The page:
When Philadelphia-born bassist and bandleader Christian McBride arrived in New York in 1989 as a Juilliard student, he was the “Godchild of the Groove” with unlimited potential. Today, with over 300 recordings as a sideman and 11 critically- acclaimed albums as a leader, he now reigns supreme as the “Lord of the Lower Frequencies.” He’s the influential and ubiquitous bassist of his generation, as evidenced by his quintet Inside Straight, his big band, his trio and his work with everybody from James Brown, Pat Metheny, Chick Corea and Wynton Marsalis to Sting, The Roots, Bruce Hornsby and Paul McCartney.
Emily Carris began her presentation posing a question she first asked in England, while contemplating an image of a slave ship in a tumultuous ocean, "what does salt know?" Seven years after her work in England, Emily returned to Philadelphia to work on developing institutional space for art as scholarship, which culminated in her founding the Art Dept. Collective. Engaging with Black women’s traditions of quilting, textile work, and healing, one of Emily’s most exhibited pieces features indigo and silk matta root embroidered over the raised whip scars on a famous portrait of “Peter,” an enslaved man who escaped from a Louisiana plantation in 1868. She is following this interest in textiles and quilting to explore the concept of armor as clothing, and the powerful historical intersections of quilting and warrior culture.
Following Emily Carris's presentation, dr. Prof. Wayne Modest began by introducing his current project as the Director of the Research Center for Material Culture (RCMC). He began his talk with an insightful provocation: “What happens to a history of design if we look outside the West...or teach a history of photography starting in 1842 in Jamaica rather than one starting in 1839 in Europe?” Wayne then drew attention to the histories that remain to be written, and the voices that remain to speak, Wayne argued that ethnographic objects in these collections carry within them ways of thinking history and write history otherwise. Throughout his presentation, Wayne highlighted that decolonization also requires that we challenge the taken-for-granted assumption that museums are inherently socially useful institutions; they may or may not be such, but assumptions around the "obviousness" of their value to society serve to hold critique back about how things could be different, or transformations could be made in the role they play in society.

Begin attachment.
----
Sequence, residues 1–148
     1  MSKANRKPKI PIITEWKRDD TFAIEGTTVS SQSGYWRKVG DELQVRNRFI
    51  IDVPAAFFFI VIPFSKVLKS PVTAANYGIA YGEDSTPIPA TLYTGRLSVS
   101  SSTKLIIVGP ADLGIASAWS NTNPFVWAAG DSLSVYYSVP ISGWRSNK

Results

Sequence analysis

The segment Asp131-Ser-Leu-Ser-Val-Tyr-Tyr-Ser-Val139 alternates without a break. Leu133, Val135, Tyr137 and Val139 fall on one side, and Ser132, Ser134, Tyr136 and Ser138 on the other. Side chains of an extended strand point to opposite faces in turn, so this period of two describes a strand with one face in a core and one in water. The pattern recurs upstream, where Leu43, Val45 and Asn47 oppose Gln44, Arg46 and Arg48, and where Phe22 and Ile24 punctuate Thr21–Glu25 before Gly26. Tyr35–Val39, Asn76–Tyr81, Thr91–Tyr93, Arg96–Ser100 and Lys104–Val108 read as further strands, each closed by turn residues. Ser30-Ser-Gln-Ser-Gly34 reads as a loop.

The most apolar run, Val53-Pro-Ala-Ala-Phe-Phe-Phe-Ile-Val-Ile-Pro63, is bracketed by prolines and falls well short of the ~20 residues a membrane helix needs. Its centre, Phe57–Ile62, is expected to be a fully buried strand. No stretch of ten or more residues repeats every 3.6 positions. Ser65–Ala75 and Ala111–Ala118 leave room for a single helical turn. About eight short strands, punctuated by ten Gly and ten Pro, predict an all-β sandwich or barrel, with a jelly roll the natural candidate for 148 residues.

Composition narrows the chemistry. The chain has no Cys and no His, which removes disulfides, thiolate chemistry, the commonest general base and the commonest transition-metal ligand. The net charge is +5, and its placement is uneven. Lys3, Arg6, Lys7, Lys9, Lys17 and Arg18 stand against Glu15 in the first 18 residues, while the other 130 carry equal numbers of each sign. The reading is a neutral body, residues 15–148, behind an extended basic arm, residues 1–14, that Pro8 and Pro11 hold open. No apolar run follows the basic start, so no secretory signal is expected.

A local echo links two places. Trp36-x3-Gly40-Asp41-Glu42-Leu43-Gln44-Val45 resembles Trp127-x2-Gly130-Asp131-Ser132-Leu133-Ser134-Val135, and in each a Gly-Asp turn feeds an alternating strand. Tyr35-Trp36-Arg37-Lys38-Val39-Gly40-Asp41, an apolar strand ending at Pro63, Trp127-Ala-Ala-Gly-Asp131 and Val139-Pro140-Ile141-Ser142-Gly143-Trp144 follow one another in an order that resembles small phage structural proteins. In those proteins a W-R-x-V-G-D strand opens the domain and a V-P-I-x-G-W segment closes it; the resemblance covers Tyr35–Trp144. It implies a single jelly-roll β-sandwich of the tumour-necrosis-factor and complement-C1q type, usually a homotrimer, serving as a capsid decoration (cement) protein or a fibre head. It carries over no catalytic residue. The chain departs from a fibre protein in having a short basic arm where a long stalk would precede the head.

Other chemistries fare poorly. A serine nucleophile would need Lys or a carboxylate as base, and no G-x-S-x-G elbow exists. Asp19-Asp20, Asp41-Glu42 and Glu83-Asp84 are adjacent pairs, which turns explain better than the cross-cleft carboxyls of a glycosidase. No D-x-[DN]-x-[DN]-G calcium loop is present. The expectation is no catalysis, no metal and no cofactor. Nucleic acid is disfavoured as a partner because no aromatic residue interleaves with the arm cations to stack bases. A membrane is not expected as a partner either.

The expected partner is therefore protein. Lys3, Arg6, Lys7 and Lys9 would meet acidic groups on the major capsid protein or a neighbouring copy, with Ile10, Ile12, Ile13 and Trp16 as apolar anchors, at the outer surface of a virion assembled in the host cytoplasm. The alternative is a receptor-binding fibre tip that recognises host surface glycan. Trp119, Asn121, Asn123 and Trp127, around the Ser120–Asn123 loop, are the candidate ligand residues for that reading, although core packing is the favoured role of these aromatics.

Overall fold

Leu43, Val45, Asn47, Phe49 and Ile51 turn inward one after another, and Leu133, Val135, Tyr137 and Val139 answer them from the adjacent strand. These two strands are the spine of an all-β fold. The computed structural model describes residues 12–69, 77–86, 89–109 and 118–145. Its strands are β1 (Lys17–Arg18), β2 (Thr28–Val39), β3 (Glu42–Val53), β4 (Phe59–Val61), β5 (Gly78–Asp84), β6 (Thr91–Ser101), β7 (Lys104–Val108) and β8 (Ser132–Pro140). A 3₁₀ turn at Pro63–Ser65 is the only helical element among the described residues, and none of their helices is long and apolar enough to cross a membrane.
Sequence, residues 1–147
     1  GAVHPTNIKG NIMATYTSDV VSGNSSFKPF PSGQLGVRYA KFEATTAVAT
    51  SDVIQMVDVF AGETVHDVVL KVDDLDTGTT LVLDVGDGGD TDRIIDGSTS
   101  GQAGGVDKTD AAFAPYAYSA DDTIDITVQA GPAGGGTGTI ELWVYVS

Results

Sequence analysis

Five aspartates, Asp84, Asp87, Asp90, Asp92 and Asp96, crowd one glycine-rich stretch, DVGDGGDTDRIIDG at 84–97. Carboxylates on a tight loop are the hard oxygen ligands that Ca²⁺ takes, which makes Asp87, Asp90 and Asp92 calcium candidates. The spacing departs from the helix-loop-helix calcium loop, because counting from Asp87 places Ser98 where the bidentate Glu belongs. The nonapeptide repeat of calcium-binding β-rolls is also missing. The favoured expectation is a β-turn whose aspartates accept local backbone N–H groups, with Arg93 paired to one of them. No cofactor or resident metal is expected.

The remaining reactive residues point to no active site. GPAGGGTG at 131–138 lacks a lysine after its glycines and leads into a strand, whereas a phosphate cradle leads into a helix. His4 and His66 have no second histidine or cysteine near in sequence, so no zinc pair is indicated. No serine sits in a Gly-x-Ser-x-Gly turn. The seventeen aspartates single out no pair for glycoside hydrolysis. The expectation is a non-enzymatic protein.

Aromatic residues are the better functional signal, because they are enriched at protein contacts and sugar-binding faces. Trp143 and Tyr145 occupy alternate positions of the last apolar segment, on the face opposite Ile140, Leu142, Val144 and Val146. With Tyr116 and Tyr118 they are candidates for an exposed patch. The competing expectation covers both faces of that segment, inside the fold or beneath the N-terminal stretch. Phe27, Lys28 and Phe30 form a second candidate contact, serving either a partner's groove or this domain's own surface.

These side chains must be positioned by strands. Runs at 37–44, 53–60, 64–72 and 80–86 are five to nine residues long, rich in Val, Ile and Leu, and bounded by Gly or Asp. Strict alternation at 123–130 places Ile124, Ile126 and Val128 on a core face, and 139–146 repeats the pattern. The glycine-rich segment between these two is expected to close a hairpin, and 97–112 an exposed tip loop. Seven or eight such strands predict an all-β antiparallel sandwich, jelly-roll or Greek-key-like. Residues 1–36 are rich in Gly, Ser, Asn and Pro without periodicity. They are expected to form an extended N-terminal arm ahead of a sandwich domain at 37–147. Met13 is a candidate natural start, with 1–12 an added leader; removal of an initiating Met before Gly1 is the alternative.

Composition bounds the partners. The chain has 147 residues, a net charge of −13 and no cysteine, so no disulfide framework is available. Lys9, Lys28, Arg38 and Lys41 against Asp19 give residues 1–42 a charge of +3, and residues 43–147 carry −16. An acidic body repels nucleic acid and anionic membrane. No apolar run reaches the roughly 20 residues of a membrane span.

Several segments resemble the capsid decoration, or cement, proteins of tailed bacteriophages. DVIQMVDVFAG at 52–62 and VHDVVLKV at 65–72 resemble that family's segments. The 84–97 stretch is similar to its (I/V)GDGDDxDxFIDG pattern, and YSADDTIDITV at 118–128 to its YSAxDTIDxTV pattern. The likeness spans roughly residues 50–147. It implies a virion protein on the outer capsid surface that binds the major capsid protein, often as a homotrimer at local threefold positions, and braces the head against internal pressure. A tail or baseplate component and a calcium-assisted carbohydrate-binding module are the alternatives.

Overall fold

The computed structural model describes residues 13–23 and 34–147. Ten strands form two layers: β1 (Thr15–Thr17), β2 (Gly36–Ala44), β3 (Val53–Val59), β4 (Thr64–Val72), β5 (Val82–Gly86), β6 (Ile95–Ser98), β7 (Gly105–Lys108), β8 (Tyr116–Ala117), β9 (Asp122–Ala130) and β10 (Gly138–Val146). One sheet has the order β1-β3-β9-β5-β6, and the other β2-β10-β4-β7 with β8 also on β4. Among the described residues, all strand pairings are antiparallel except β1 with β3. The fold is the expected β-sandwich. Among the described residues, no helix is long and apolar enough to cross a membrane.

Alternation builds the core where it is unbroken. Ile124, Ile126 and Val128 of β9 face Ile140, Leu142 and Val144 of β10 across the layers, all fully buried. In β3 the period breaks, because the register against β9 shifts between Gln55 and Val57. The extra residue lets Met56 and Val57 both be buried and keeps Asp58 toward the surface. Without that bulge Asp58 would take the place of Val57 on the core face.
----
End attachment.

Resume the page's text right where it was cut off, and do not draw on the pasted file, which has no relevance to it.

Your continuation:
These presentations were followed by a lively discussion session and lunch that grappled with the complicity of scholars, academics, and artists working in institutions deeply involved in the colonial project. Several attendees highlighted how uncomfortable such institutional complicity is, and in response others spoke of the need to live with and in this discomfort rather than dismiss it: Institutional repair requires work, and part of that work can be done by laying claim to institutional spaces in the way we speak, move, and gather, and in so doing carve out spaces for other voices and other histories. Following this discussion, other smaller discussions occurred around repatriating photography, the question of archival and imagery ownership, and the revolutionary histories embedded within objects that we are obligated to preserve though we may not yet be able to hear them.